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By Vincent Joseph Noto

“This is somebody who should be a household name, yet somehow she’s been relegated to the footnotes of history.”
–Bethany Hughes, Historian

In Alexandria’s ancient streets
the fierceness of Christian mobs—
hardly different than the claws
and fangs of lions—tore into her
flesh. With shards of ceramic roof-tiles,
sharp as oyster shells baked hard
in the Afro-Mediterranean
sun, they flayed Hypatia alive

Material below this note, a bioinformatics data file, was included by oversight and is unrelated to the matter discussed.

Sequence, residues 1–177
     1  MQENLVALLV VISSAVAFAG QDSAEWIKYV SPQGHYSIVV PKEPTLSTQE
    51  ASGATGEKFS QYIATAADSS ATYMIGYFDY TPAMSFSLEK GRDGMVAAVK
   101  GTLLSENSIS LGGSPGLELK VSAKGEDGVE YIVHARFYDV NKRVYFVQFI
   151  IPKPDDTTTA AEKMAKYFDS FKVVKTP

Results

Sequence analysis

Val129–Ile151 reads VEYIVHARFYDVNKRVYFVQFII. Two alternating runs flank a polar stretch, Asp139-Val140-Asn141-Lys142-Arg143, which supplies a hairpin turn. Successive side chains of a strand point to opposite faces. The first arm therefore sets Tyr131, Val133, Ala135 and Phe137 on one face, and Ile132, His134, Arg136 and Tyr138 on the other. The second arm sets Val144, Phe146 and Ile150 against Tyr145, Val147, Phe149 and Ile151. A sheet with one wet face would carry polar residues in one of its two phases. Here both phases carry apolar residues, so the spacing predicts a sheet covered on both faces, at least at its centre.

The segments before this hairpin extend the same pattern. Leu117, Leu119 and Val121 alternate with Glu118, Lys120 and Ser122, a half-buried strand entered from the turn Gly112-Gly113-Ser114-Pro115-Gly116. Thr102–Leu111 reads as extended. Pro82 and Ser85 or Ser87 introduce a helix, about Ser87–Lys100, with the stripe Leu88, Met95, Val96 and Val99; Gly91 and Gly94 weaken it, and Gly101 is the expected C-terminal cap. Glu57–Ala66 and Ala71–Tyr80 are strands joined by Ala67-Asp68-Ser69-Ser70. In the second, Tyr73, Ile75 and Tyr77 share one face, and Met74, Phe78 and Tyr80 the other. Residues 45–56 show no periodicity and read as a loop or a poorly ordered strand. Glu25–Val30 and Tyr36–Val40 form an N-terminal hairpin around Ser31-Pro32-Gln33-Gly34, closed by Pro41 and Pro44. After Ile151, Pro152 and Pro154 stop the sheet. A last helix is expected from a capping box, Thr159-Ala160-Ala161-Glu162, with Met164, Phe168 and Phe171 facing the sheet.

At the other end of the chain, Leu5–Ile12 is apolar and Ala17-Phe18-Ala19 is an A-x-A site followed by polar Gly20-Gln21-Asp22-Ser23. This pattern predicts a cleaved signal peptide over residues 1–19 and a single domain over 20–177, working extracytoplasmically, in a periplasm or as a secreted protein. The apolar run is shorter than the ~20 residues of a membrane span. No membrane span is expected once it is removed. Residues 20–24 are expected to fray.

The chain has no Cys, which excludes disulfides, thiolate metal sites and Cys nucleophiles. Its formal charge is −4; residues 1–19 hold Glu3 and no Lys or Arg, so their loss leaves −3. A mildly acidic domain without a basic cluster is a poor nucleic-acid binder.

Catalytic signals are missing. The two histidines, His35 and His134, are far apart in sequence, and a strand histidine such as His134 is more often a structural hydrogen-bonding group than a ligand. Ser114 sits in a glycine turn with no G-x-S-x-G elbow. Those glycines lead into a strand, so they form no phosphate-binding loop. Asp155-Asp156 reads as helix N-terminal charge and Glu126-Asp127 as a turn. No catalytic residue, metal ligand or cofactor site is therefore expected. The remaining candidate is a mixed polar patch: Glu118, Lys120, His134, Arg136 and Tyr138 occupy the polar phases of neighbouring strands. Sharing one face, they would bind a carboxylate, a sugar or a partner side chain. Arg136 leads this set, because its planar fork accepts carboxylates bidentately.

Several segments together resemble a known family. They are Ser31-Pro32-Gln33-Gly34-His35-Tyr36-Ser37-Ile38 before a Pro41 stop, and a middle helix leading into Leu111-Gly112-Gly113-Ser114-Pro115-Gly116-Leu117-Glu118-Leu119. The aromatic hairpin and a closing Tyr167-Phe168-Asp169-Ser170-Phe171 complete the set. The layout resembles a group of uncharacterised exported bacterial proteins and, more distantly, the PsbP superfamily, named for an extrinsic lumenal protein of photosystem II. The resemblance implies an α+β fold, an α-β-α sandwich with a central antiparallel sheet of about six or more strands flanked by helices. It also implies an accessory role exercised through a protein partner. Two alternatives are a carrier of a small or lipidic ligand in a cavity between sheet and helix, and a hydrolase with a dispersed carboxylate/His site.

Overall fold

slicing her skin from her body.
The two separated forever
as that enlightened female’s mind
from this earth. No astrolabe, no
computer, no wise astrologist
divining, can calculate the day
men’s hearts will loosen their fearful
grip on potshards of broken logic,
nor is there any hydrometer
built to measure the density
of ignorance—like screams
unheeded and forgotten—
or the thickness of blood even
under the shadow of the great
library at Serapeum.

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